Analyses of random BAC clone sequences of Japanese cedar, Cryptomeria japonica

  • Miho Tamura
  • Yosuke Hisataka
  • Etsuko Moritsuka
  • Atsushi Watanabe
  • Kentaro Uchiyama
  • Norihiro Futamura
  • Kenji Shinohara
  • Yoshihiko Tsumura
  • Hidenori TachidaEmail author
Original Paper
Part of the following topical collections:
  1. Genome Biology


Conifers have larger genomes than most angiosperms, long generation times, and undergone relatively few chromosome duplications during their evolution. Thus, conifers are interesting targets for molecular evolutionary studies. Despite this, there have been few studies regarding their genome structure, and these studies are mostly limited to the Pinaceae. Our target species, Cryptomeria japonica, belongs to the Cupressaceae family, which is phylogenetically separated from the Pinaceae family by a few hundred million years, and is the most important timber tree in Japan, making investigation of its genome structure both interesting and worthwhile. We analyzed the sequences of eight random bacterial artificial chromosome (BAC) clones from C. japonica and compared them with sequences of comparable size from eight other model plants, including Arabidopsis thaliana and Pinus taeda. From this analysis, we identified several features of the C. japonica genome. First, the genome of C. japonica has many divergent repetitive sequences, similar to those of Physcomitrella patens and P. taeda. Additionally, some C. japonica transposable elements (TEs) seem to have been active until recently, and some might be unidentified novel TEs. We also found a putative protein-coding gene with a very long intron (approximately 70 kb). The three Pinaceae species whose genome sequences have been determined share these features, despite the few hundred million years of independent evolution separating the Pinaceae species from C. japonica.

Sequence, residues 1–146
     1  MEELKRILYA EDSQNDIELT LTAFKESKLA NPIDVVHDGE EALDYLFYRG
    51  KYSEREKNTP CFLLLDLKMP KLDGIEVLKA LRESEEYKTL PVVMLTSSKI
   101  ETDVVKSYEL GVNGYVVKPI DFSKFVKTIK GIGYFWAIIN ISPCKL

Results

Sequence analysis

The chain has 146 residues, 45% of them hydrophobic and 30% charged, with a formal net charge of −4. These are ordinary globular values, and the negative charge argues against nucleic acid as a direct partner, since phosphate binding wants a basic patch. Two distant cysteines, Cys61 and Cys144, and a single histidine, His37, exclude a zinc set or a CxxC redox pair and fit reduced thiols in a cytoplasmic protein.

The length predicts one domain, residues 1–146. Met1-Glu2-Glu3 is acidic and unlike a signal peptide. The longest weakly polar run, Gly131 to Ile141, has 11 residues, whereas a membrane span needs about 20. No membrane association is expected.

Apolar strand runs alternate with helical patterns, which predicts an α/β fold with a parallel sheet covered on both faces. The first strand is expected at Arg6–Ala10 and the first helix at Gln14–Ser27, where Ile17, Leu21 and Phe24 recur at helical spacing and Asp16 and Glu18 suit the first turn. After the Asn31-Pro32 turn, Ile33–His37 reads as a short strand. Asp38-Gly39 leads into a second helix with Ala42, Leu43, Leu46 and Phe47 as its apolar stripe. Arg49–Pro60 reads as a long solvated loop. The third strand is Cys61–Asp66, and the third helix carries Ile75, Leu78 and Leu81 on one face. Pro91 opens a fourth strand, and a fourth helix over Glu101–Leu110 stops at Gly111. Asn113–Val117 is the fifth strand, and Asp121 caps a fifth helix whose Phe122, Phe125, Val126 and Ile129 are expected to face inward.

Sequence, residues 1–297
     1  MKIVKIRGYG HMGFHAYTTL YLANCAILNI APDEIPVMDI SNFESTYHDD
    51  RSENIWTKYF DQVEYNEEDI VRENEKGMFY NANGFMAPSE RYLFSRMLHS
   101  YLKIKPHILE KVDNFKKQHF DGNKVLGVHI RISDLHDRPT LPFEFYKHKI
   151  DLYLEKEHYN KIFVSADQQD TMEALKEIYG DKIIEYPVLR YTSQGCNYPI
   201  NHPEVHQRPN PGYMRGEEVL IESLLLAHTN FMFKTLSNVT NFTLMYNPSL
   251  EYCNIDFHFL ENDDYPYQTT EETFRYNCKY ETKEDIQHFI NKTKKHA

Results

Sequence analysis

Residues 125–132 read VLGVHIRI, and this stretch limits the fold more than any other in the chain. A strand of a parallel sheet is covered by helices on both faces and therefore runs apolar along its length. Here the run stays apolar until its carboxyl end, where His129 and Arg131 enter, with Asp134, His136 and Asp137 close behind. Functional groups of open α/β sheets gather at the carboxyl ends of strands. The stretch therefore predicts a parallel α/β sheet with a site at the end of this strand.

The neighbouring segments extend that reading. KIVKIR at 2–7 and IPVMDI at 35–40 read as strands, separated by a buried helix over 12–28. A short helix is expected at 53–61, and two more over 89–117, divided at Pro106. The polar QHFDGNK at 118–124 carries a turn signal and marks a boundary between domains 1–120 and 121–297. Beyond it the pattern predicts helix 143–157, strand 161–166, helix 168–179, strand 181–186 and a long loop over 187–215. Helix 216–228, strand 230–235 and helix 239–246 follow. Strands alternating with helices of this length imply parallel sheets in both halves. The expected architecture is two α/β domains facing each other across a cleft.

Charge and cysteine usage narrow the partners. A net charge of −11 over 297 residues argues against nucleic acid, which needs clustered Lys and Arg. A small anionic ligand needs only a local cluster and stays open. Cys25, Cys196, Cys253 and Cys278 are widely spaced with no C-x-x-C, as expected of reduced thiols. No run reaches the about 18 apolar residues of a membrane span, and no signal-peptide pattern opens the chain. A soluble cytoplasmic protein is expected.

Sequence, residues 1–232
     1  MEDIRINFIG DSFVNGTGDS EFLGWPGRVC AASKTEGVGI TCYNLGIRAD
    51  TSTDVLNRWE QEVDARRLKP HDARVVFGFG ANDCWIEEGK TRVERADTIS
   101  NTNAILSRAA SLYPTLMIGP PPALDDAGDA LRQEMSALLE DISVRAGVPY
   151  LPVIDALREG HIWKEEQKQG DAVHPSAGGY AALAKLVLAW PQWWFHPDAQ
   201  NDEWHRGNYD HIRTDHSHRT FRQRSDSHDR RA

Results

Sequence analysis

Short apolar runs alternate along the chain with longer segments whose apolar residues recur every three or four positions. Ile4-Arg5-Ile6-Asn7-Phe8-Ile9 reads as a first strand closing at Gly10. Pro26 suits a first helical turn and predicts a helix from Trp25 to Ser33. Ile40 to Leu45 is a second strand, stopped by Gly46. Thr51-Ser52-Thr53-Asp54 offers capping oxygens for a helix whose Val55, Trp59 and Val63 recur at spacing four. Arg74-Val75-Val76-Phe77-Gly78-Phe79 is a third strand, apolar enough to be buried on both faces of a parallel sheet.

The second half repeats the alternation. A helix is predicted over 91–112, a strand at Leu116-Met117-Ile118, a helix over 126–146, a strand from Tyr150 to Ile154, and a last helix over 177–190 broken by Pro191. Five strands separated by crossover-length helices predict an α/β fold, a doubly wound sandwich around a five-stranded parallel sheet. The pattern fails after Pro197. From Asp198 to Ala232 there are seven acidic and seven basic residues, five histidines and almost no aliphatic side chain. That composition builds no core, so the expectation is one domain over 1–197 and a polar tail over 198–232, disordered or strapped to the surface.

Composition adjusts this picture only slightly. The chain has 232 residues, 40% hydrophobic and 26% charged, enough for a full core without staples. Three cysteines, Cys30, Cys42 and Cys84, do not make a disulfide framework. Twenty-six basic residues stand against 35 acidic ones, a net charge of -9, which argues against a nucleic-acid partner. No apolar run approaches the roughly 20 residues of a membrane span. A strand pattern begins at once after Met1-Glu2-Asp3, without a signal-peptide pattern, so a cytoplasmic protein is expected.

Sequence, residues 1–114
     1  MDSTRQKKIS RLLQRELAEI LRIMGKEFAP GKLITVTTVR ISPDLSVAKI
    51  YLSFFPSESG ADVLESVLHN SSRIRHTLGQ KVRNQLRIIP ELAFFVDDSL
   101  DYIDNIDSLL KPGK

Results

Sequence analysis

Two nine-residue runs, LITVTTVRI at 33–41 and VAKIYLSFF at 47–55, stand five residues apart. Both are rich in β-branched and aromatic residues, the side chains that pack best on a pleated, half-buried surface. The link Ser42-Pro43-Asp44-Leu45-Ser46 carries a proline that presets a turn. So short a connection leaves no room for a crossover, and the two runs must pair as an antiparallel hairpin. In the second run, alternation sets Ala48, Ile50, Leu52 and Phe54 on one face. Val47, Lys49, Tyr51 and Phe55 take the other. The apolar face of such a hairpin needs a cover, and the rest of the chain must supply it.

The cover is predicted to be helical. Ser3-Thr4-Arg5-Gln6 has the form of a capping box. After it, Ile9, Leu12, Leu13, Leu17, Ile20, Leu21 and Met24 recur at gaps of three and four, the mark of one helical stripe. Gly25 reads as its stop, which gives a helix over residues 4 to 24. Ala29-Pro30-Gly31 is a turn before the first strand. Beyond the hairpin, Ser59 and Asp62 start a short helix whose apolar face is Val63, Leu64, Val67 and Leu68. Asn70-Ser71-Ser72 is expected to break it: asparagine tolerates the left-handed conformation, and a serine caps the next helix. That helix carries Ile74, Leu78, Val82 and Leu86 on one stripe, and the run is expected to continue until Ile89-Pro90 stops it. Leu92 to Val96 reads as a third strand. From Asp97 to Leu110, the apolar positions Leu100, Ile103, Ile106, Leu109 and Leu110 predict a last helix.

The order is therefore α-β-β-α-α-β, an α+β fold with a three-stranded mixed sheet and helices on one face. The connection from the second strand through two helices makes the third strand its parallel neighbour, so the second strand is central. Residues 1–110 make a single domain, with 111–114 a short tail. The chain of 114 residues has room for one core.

BAC clone Cupressaceae Repeat elements Intron length 



We would like to thank Alfred E. Szmidt, Junko Kusumi, and two anonymous referees for constructive comments on earlier drafts of the manuscript. This study was partially supported by the Program for Promotion of Basic and Applied Researches for Innovations in Bio-oriented Industry and by Grants-in-Aid for Scientific Research from the Japan Society for the Promotion of Science (nos. 22370083 and 26291082).

Conflict of interest

The authors declare that they have no conflict of interest.

Data archiving statement

Nucleotide sequences were deposited with the DNA Data Bank of Japan (DDBJ).

Supplementary material

11295_2015_859_MOESM1_ESM.docx (13.5 mb)
ESM 1 (DOCX 13806 kb)


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Copyright information

© Springer-Verlag Berlin Heidelberg 2015

Authors and Affiliations

  • Miho Tamura
    • 1
  • Yosuke Hisataka
    • 1
  • Etsuko Moritsuka
    • 2
  • Atsushi Watanabe
    • 3
  • Kentaro Uchiyama
    • 4
  • Norihiro Futamura
    • 5
  • Kenji Shinohara
    • 5
  • Yoshihiko Tsumura
    • 4
    • 6
  • Hidenori Tachida
    • 2
    Email author
  1. 1.Graduate School of Systems Life SciencesKyushu UniversityFukuokaJapan
  2. 2.Department of Biology, Faculty of SciencesKyushu UniversityFukuokaJapan
  3. 3.Department of Forest Environmental Science, Faculty of AgricultureKyushu UniversityFukuokaJapan
  4. 4.Department of Forest GeneticsForestry and Forest Products Research InstituteTsukubaJapan
  5. 5.Department of Molecular and Cell BiologyForestry and Forest Products Research InstituteTsukubaJapan
  6. 6.Faculty of Life & Environmental SciencesUniversity of TsukubaTsukubaJapan

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